• Trees create a cool environment

When you walk by a patch of trees, does the temperature drop a degree or two? That’s the magic of trees! As well as acting as a barrier against floods, trees also release water vapor into the environment. In this case, evapotranspiration occurs through the leaves, producing a cooling effect.

Additionally, trees act as a natural shade for the ground and buildings, which makes the environment pleasant, especially during the summer. One mature tree has a cooling effect comparable to ten air conditioners!

  • Forests are a source of timber, fibre, fuel, and food products

The forest is a food, shelter, and timber source for many families. Moreover, trees provide the timber used in construction and industries to produce a variety of finished goods. This, in turn, helps to create jobs and research opportunities at every step of the supply chain, such that entire lives depend on trees’ existence.

  • Trees help biodiversity flourish  

An area with a greater biodiversity is considered to have a healthier ecology. Planting outside woodlands and allowing portions of land to recover naturally are vital for restoring natural habitats and animal corridors.

When we continue to have these thriving, we reduce the chances of wild animals wandering into cities and endangering both themselves and humans. It’s not just trees — a variety in plant species will create a diverse ecosystem with balanced food chains.

  • Trees serve the medical sector 

Tree planting is also very valuable when it comes to serving the medical industry. Experts have claimed that every four square miles of rainforest contains around 1,500 different types of plants and 750 different trees.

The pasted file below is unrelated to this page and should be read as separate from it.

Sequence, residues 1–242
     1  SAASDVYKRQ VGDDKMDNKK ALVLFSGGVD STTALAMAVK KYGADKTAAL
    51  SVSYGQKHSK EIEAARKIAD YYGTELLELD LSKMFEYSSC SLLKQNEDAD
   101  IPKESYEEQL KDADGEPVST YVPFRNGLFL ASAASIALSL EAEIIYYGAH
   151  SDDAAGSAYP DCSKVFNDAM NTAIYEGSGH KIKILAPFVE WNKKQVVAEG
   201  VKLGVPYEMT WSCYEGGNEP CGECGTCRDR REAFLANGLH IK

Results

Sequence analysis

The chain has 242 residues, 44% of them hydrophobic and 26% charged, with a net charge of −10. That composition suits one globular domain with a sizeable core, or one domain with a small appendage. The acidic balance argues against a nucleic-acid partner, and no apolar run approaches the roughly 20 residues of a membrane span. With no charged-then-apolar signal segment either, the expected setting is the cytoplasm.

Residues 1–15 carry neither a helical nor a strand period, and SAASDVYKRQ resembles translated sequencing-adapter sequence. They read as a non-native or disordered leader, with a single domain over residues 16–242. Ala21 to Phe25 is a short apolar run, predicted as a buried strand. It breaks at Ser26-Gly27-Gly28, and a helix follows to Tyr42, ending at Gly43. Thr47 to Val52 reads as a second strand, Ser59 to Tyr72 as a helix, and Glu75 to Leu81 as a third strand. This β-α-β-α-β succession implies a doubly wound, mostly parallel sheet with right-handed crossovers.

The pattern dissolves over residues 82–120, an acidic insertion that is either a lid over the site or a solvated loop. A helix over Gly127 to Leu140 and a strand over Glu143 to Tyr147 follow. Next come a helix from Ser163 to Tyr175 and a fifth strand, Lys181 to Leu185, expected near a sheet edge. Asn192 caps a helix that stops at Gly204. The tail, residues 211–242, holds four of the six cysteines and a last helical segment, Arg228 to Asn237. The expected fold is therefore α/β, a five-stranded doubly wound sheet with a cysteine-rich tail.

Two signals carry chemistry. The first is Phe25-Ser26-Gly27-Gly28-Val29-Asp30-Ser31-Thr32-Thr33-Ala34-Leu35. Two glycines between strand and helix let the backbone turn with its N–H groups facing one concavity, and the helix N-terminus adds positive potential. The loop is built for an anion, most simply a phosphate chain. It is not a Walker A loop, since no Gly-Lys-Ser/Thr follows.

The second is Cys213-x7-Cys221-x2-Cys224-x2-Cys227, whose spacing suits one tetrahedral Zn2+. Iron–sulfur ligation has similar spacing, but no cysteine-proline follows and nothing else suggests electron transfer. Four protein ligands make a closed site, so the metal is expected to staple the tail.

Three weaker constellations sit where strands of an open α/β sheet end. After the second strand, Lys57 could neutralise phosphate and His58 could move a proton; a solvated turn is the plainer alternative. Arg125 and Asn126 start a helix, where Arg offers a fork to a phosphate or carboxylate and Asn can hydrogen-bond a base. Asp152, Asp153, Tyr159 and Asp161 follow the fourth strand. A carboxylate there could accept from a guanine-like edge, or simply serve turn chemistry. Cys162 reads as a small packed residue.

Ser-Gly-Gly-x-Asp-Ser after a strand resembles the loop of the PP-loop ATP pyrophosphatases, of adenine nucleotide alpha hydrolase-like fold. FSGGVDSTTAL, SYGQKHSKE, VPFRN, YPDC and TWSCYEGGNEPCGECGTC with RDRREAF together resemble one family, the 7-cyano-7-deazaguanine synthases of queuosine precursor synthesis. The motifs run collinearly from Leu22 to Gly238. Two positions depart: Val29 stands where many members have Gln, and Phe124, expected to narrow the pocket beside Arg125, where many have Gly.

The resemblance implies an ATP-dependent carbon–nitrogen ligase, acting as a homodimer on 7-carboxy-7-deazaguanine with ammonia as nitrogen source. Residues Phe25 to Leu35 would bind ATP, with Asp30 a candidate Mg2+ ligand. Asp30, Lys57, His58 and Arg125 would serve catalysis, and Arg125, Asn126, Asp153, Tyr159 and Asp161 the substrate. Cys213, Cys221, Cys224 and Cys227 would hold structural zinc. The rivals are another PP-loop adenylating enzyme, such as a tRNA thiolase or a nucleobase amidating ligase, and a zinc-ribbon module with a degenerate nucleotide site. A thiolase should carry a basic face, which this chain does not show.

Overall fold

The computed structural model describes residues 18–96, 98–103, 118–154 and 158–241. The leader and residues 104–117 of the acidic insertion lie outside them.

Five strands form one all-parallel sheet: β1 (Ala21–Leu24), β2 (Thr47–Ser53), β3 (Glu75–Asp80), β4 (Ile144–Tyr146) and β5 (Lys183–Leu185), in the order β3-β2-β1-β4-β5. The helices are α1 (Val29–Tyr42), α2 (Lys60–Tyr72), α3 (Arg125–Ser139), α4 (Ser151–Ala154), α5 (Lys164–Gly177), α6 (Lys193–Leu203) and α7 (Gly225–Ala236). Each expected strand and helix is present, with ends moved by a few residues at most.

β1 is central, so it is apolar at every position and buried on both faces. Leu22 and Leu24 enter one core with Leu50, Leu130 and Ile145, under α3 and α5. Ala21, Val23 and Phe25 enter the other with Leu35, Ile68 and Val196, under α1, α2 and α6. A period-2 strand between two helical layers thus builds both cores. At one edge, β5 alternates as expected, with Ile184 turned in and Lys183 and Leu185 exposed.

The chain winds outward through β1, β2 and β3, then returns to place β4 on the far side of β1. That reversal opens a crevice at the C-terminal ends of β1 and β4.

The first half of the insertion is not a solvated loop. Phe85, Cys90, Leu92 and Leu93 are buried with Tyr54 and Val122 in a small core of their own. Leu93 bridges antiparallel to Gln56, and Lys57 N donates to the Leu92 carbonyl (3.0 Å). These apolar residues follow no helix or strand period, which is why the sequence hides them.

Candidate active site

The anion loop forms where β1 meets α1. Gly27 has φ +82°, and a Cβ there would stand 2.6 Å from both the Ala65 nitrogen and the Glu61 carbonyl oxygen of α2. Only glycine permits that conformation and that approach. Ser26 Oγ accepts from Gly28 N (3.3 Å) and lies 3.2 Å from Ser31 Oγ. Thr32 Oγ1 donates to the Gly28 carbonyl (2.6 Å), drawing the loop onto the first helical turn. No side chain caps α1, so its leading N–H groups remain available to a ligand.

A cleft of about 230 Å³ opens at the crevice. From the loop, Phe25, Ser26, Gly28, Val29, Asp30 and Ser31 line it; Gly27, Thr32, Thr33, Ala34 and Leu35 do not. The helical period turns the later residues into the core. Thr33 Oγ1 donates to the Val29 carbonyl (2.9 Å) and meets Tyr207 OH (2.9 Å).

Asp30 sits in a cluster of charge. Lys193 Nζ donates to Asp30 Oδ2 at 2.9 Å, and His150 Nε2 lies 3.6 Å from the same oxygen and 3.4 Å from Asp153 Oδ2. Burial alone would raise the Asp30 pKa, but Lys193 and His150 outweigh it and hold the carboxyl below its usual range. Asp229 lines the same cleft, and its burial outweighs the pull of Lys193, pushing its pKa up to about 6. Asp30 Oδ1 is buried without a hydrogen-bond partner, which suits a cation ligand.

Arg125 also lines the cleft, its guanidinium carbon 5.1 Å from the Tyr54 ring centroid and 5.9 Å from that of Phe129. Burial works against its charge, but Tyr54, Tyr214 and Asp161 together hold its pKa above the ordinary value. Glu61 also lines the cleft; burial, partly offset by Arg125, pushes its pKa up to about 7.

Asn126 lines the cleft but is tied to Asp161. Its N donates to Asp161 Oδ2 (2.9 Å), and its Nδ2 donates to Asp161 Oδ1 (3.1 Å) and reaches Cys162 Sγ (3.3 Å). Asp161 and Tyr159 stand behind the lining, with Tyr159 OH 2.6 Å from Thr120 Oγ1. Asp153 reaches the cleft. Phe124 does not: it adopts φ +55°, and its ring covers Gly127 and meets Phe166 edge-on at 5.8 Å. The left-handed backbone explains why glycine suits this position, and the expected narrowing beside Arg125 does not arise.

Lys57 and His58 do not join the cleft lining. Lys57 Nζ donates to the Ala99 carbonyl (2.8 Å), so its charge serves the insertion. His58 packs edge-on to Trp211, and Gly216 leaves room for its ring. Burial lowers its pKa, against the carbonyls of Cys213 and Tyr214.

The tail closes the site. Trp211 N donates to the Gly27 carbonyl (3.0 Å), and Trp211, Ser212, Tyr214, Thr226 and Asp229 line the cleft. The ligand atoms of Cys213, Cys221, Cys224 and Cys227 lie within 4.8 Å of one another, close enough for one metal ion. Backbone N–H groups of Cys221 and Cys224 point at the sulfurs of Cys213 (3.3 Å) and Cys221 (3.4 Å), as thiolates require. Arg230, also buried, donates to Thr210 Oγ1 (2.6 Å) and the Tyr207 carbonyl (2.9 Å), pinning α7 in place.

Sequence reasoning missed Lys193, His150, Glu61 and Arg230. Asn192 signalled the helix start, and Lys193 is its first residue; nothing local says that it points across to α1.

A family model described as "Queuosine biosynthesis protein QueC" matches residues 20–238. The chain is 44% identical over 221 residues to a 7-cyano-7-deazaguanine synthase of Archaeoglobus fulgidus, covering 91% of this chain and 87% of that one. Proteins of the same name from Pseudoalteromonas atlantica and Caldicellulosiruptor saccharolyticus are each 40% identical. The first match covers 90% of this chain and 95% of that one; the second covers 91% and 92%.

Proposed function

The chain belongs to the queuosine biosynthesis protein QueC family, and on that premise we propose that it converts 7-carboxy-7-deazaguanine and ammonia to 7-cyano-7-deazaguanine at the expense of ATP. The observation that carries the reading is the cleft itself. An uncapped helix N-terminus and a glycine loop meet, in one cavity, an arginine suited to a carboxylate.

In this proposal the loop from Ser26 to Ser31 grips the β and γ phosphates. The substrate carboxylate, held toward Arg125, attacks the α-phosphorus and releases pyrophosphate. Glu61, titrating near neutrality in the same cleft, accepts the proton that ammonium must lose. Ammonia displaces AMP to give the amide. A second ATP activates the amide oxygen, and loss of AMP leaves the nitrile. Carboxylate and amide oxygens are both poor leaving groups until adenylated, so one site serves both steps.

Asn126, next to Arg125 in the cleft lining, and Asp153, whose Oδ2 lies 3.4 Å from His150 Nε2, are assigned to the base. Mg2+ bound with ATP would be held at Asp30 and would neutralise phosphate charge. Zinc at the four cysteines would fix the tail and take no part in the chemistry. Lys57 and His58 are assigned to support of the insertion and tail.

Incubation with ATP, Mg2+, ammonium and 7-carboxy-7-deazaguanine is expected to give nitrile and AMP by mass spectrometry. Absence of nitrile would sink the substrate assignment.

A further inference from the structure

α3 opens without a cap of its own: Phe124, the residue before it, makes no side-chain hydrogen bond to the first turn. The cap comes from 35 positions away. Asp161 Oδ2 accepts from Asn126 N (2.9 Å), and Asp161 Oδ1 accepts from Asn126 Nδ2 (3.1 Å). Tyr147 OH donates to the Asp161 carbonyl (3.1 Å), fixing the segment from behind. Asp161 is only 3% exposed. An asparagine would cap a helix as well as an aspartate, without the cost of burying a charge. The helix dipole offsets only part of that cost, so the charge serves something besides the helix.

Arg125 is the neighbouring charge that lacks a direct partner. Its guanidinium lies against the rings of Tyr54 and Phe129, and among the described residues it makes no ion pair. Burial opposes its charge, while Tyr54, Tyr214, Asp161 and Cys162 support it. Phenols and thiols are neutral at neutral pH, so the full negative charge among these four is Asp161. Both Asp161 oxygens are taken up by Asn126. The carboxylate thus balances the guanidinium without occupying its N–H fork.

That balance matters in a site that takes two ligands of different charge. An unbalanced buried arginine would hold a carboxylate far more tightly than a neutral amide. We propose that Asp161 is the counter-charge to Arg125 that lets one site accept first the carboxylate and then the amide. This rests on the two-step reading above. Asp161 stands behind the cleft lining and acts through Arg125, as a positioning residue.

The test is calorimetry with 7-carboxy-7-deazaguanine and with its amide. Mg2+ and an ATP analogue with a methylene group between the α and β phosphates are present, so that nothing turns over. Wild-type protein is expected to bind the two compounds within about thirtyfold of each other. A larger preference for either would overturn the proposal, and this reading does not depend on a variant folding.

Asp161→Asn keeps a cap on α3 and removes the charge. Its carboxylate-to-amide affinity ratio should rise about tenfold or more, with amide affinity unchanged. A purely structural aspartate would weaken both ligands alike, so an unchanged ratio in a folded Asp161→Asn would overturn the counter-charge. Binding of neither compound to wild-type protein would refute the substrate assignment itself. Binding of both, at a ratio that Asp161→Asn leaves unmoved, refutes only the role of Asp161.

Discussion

This biodiversity causes many organisms to develop chemicals, which can then be collected and researched by pharmaceutical companies for medical purposes. About 25 percent of western pharmaceuticals come from rainforests, and at least 121 prescription drugs are sourced from plant derivatives.

  • Trees give us a breath of fresh air from city life 

Forests outside cities and urban areas have immense recreational value because they are hotspots of biodiversity. The area is perfect for hiking, birdwatching, forest bathing, and learning about nature. This is beneficial in a cyclical manner: the more time we spend with trees, the more we understand them, and the more determined we are to preserve them.

The final word

The points not only reflect the value of trees, but they also encourage tree planting and reforestation. We depend on trees for so much of what we do (no matter how far away we may live from them). Their cultural and spiritual significance is immense.

Considering all this, it is imperative that we plant more trees. The government and organizations should make policies that encourage tree planting and we must take personal initiative.

EveryOne can assist organizations and individuals in doing this with transparent tree planting processes that green the earth, protect livelihoods, and decisively act towards saving the planet. As well as planting more trees, we should also preserve and nurture our existing forests – after all, you can’t clap with one hand.

As the longest-living plant species on earth, trees provide food and serve as a link between past, present, and future. Forests, forests, and trees in urban settings, such as parks, must be protected and managed responsibly worldwide!